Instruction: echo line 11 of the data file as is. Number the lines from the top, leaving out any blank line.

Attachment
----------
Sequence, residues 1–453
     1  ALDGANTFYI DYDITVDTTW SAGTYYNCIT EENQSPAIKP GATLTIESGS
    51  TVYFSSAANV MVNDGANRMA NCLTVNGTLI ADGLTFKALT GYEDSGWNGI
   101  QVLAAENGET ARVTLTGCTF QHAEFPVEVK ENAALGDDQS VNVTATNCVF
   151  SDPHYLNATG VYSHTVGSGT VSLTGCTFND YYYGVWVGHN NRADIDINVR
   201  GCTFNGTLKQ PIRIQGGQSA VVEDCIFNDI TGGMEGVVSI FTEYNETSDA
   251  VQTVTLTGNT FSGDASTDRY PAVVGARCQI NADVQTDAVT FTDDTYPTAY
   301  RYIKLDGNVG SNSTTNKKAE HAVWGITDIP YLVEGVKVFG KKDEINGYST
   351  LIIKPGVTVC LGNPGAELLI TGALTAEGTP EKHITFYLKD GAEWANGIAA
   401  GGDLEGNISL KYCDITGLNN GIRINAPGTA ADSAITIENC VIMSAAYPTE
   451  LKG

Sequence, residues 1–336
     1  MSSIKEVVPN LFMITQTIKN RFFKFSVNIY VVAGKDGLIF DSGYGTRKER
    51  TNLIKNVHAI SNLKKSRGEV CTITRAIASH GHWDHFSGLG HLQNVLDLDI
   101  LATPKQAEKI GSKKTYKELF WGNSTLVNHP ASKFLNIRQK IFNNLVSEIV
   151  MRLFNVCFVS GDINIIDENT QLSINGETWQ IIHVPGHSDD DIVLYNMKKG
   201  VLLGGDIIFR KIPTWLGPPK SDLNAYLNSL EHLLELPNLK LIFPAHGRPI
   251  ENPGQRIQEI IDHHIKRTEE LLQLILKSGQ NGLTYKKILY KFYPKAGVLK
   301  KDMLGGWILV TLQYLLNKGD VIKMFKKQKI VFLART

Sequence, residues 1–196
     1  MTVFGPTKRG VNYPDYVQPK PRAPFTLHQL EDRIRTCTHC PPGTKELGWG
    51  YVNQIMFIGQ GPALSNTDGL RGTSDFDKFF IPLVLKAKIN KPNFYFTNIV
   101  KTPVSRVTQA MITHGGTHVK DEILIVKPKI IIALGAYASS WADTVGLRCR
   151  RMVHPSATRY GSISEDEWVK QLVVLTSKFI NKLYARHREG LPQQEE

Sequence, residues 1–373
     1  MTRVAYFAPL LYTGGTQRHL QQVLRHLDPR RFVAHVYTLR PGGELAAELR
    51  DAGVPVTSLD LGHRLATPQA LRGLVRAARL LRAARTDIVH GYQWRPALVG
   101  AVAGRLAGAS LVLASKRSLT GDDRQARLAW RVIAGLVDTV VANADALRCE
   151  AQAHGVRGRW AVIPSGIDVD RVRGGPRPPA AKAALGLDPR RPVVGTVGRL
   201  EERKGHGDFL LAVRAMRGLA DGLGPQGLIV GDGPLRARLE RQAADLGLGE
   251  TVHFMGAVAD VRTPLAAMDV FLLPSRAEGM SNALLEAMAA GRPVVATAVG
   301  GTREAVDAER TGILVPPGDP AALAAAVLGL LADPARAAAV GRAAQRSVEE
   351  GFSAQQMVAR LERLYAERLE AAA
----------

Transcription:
   451  LKG